Growing into Myself

I am trying this again.  Handwriting versus writing directly on the computer page.  This is inspired by Margaret Atwood’s Masterclass and my own experience. I know I write deeper when I handwrite versus type, but “efficiency” has gotten in the way of my process. As if it is efficient to write something that isn’t quite as deep. Good Lord in heaven, the mysteries of the mind and my “critic’s” ability to lure me into off-track thinking.  I have spent far too much time listening to that misleading voice, that voice that knows just how much reality to mix with fiction to set the hook firmly in my mouth. A master at deception cloaked always in the reassuring words of a wise woman. telling me in such kind and firm words just how little I know, how silly my ambitions are, how all that hope is well and good, but let’s face the facts: you were never that smart to begin with, what possible chance is there now, as an older woman, of making any real impact in the world writing-wise? Who do you think you are anyway? Best to leave “real “ writing to those with a clearer voice and a stronger mind.

Aw, just writing that makes me shrink back and remember Mother’s horrid IQ test. I, her first victim, struggling for answers and then seeing the look of disapproval on her face, as if I were the stupidest person she had ever encountered. Never mind that she later realized that she had administered the test wrong in several areas. Not to mention that as my mother, she was not a neutral test administrator, which affected my performance from the get-go. And her comparison of me to my friend, Patricia. “Now there’s a smart girl,” she said after testing her, though later shaking her head at Patricia’s job choices and muttering, “Underachiever.” I, on the other hand, was the overachiever and despite my retaking the IQ test in graduate school and getting a much higher score, my PhD psychologist mother looked skeptical when I told her and said, “No, I’d put you at bright-normal category, just like me.” 

How sad to think of my little girl self being flattened in that way – by her words – and me always feeling ‘less than’ intellectually until a few years ago when suddenly I just didn’t anymore.  All of a sudden, I simply shifted and I accepted that I was as smart as I needed to be and that I could learn pretty much anything I needed or wanted to learn. Maybe my work with students helped me to see that intelligence is really more about curiosity and lack of fear. Any situation that truly fosters that kind of atmosphere will produce critical thinkers who are open to stretching and growing, not just intellectually, but also emotionally and spiritually.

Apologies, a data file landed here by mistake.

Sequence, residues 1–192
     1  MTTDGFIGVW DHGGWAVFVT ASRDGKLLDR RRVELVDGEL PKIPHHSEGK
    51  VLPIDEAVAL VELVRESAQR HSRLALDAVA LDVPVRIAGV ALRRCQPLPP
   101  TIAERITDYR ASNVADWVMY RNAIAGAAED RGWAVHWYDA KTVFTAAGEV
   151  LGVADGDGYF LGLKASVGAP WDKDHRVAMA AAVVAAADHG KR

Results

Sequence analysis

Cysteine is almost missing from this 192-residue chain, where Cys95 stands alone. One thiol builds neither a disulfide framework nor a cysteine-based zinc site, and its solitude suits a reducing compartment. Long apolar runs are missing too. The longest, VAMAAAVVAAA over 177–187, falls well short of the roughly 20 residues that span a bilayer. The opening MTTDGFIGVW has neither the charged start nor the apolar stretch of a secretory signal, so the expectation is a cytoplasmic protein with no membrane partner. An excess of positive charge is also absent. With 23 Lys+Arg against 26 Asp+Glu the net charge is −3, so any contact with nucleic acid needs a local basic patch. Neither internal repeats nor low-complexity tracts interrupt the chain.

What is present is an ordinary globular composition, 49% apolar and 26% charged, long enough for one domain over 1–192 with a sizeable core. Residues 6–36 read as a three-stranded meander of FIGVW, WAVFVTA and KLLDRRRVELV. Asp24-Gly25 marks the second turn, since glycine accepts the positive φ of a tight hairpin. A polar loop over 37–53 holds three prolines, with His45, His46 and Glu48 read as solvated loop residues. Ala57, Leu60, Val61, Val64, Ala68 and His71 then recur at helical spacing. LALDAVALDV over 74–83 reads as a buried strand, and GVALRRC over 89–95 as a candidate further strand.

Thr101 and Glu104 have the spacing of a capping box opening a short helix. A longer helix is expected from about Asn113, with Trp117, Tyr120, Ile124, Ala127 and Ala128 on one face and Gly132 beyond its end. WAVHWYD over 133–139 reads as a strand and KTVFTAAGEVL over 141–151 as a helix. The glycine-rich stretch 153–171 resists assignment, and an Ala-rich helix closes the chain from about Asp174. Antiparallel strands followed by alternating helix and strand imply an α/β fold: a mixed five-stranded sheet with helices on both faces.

As for Mom, I truly don’t believe her words were meant with any malice. As a parent, her natural inclination was to shield her child from pain, which would include failure for undertaking difficult paths in life. I know that feeling with my own girls. I had to quell my own fears when they set out for medical school and law school. I kept my mouth firmly shut, however, lest my fear would spread to them, and, lo and behold, they were all three fine. Not that they didn’t have tough times and difficult choices to make along the way, but, overall, they all did well in their individual ways. Maybe that too helped me to see the life is about putting yourself out there and not being afraid. Or maybe not listening to voices that reflect other people’s fears, which have more to do with their limiting choices than any kind of reality.

So, here I am again, reasserting myself in terms of my hopes and dreams. I want very much to be a person who writes essays, short stories and novels about the very dynamics that I described above, in hopes that by sharing, people can identify and break free from their own internal restrictions and live without fear. Just going for it. Period. And knowing that whatever goals are set, it’s the process NOT the end result that matters. One doesn’t have control over end results, but the process, well, that is a different matter. That just means pushing back the fear and beginning, one day at a time, and feeling just fine. What happens during that time is the important part. “Afterwards” will have to take care of itself – or will take care of itself – based on external factors beyond one’s control.  

Alas, I believe with these thoughts in mind, I can begin again. 

2 Comments Add yours

  1. Kelly Wise says:

    Len, I am so glad to be reading your writing again! And these words resonate so strongly for me right now, I thank you for putting them on the page(s).

    1. Thank you, Kelly. I was hoping my “confessional” would ring true for some of my writing friends. I appreciate you letting me know. Sometimes it is tough to be be honest on the page. My best to you! 🧡

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